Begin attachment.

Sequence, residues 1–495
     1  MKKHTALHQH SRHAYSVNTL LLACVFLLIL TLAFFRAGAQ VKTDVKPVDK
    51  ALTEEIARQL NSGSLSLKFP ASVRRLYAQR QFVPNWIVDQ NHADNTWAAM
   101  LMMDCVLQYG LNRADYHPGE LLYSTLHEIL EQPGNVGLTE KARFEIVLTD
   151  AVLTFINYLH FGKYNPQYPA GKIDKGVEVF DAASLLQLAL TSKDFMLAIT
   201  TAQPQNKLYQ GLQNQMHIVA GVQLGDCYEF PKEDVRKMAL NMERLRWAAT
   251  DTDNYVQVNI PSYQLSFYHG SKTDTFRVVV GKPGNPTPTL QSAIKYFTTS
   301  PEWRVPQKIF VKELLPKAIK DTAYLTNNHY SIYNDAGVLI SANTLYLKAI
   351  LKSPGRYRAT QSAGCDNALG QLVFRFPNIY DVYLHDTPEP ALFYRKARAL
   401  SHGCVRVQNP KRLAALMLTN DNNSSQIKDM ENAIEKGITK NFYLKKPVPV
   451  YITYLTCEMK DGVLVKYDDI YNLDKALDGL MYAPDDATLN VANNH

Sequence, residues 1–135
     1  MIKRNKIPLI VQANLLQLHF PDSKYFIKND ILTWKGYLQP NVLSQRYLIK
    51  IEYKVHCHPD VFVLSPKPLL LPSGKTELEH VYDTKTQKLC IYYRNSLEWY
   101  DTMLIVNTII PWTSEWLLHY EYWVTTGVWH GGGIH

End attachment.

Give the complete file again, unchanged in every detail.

Sequence, residues 1–495
     1  MKKHTALHQH SRHAYSVNTL LLACVFLLIL TLAFFRAGAQ VKTDVKPVDK
    51  ALTEEIARQL NSGSLSLKFP ASVRRLYAQR QFVPNWIVDQ NHADNTWAAM
   101  LMMDCVLQYG LNRADYHPGE LLYSTLHEIL EQPGNVGLTE KARFEIVLTD
   151  AVLTFINYLH FGKYNPQYPA GKIDKGVEVF DAASLLQLAL TSKDFMLAIT
   201  TAQPQNKLYQ GLQNQMHIVA GVQLGDCYEF PKEDVRKMAL NMERLRWAAT
   251  DTDNYVQVNI PSYQLSFYHG SKTDTFRVVV GKPGNPTPTL QSAIKYFTTS
   301  PEWRVPQKIF VKELLPKAIK DTAYLTNNHY SIYNDAGVLI SANTLYLKAI
   351  LKSPGRYRAT QSAGCDNALG QLVFRFPNIY DVYLHDTPEP ALFYRKARAL
   401  SHGCVRVQNP KRLAALMLTN DNNSSQIKDM ENAIEKGITK NFYLKKPVPV
   451  YITYLTCEMK DGVLVKYDDI YNLDKALDGL MYAPDDATLN VANNH

Sequence, residues 1–135
     1  MIKRNKIPLI VQANLLQLHF PDSKYFIKND ILTWKGYLQP NVLSQRYLIK
    51  IEYKVHCHPD VFVLSPKPLL LPSGKTELEH VYDTKTQKLC IYYRNSLEWY
   101  DTMLIVNTII PWTSEWLLHY EYWVTTGVWH GGGIH